Why do some people with obesity develop type 2 diabetes?

Evan Walker
Evan Walker TheMediTary.Com |
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  • People with obesity are at higher risk of developing insulin resistance and type 2 diabetes than those of a Healthy weight.
  • However, the conditions to develop insulin resistance do not affect everyone with obesity.
  • Now, scientists investigating why some remain Healthy and others do not have discovered that adipose (fat) tissue may influence cell function.
  • Their research, which they conducted in mouse models, suggests that, in some individuals, obesity disrupts the function of macrophages — which clean up cell fragments — leading to inflammation and metabolic disorders.

According to the Health Organization" rationale="Highly respected international organization">World Health Organization (WHO), the number of people with obesity worldwide has tripled in the past 50 years. While the Health">United States and Europe top the scale, South East Asian and African countries are fast catching up.

People with obesity have a body mass index (BMI) of more than 30, although it must be remembered that BMI alone cannot determine whether that mass is made up of muscle or fatty tissue.

More usefully, the WHO defines obesity as “abnormal or excessive fat accumulation that presents a risk to health” together with a BMI of more than 30.

Obesity increases the risk of several health conditions, which include:

  • high blood pressure
  • high LDL (“bad”) cholesterol, low HDL (“good”) cholesterol, and high triglycerides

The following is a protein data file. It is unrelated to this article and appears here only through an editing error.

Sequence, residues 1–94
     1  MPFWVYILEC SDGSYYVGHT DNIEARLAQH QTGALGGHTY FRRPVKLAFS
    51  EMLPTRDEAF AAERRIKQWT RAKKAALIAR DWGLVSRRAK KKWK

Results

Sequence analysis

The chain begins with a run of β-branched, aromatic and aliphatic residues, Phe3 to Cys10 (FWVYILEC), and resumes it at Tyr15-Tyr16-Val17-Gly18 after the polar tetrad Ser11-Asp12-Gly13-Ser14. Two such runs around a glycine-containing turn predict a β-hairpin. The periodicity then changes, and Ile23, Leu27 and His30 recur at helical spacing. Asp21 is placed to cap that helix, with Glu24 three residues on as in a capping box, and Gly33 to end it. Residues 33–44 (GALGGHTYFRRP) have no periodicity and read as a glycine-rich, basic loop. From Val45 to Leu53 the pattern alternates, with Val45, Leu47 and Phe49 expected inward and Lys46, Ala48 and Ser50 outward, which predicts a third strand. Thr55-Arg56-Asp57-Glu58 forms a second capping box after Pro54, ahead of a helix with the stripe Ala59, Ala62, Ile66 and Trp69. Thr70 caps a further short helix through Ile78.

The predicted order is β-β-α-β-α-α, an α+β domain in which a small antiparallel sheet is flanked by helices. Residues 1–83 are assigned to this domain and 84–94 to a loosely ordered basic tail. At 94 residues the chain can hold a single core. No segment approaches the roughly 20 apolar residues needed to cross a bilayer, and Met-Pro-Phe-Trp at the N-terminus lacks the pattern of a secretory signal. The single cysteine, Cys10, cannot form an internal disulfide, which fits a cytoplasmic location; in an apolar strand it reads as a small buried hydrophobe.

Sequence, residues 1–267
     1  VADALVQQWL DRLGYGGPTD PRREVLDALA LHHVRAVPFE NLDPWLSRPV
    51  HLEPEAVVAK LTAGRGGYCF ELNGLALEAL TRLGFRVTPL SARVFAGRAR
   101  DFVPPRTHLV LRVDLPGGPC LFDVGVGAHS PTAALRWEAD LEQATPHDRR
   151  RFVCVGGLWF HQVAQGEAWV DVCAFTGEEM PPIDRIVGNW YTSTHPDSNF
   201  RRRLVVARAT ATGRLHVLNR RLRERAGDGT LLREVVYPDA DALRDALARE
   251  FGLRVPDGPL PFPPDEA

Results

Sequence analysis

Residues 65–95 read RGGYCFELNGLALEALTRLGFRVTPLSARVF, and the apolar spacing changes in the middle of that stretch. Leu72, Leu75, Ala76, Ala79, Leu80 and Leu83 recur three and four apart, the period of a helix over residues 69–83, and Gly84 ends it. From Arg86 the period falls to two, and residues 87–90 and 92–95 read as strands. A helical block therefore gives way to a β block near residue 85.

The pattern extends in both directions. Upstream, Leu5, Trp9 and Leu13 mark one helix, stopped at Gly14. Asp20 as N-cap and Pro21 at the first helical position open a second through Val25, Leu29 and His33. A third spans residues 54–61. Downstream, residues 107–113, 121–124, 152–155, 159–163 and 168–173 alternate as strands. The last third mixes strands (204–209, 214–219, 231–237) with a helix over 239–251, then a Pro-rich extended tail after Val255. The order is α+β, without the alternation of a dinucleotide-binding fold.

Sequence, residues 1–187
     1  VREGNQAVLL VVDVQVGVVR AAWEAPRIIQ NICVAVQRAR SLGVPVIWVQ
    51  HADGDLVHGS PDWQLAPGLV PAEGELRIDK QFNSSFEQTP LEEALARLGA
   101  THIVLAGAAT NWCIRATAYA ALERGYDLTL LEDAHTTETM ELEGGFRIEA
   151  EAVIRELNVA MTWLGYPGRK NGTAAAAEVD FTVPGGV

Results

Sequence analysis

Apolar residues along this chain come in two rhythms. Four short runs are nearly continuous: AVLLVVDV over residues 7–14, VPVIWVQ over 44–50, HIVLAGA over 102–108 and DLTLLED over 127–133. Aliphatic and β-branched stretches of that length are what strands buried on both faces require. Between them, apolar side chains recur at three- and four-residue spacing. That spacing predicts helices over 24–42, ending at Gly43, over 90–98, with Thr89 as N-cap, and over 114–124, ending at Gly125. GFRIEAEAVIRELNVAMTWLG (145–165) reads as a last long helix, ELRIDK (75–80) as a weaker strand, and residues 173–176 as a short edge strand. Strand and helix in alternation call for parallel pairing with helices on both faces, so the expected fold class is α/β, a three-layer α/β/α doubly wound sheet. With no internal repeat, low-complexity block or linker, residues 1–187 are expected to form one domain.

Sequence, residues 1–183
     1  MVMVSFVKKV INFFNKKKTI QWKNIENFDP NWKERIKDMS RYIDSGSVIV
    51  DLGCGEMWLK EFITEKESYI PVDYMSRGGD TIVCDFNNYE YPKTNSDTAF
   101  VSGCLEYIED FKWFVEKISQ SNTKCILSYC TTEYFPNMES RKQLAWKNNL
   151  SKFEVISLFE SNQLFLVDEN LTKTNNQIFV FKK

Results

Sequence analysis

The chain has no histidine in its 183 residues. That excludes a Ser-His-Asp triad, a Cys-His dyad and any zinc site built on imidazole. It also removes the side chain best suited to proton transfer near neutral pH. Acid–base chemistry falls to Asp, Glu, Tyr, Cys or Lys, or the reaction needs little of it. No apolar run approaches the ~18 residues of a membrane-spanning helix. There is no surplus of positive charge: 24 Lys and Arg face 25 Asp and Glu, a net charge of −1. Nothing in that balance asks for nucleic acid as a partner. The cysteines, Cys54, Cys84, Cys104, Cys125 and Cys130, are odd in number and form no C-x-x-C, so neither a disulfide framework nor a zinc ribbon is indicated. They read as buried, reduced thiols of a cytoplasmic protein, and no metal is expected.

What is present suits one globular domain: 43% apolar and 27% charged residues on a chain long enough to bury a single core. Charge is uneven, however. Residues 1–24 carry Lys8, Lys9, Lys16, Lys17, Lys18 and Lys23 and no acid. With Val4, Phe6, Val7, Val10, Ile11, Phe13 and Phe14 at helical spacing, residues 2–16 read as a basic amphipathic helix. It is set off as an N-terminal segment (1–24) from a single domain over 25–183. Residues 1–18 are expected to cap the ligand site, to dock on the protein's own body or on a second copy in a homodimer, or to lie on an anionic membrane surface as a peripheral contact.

• sleep apnea and breathing problems
  • coronary heart disease
  • stroke
  • some cancers
  • type 2 diabetes.

However, many people with obesity will not develop these conditions, and scientists at the University of Gothenburg, Sweden, may have found a reason why some are more likely to progress to metabolic disorders than others.

In a mouse study, the researchers found that, in some people, adipose tissue disrupts the function of white blood cells called macrophages, preventing them from cleaning up fragments of collagen.

This may lead to inflammation, increasing the likelihood of type 2 diabetes.

The study is published in PNAS.

Sebnem Unluisler, genetic engineer at the London Regenerative Institute, not involved in this research, commented to Medical News Today:

“This study adds to a growing body of evidence highlighting the complex interplay between obesity, adipose tissue dysfunction, and metabolic disease. Understanding the mechanisms underlying these relationships is crucial for developing more effective strategies for preventing and treating conditions like type 2 diabetes.”

“Dysregulation of adipose tissue function, characterized by altered collagen turnover and macrophage activity, has been implicated in the pathogenesis of metabolic diseases. Understanding the specific cellular and molecular mechanisms involved could lead to novel therapeutic strategies for managing these conditions,” Unluisler told us.

Although the researchers behind this study found that isolated human cells reacted in a similar way to mouse cells, Unluisler said that she would like to see further research to confirm that similar adipose dysfunction occurs in people.

“While findings from animal studies can give us valuable insights, we need to be cautious when applying them to humans. Mice and humans have similarities, but also differences that might affect how findings translate. Further research with human subjects is necessary to confirm these results,” she told MNT.

And the researchers are planning more research into both treatment and diagnosis of type 2 diabetes, as Prof. Asterholm noted:

“Hopefully we will identify a macrophage target that can be used for developing better therapeutics..but in a more near future one could imagine that certain collagen fragments from adipose tissue end up in the circulation and thereby can be used as biomarkers to identify individuals that are at higher risk for developing type 2 diabetes.”

So, it is early days, but this study adds to the evidence that obesity may lead to adipose tissue dysfunction and metabolic diseases, and offers an explanation for why this might happen. It could help identify those at greater risk of type 2 diabetes and even help the development of more effective therapies.

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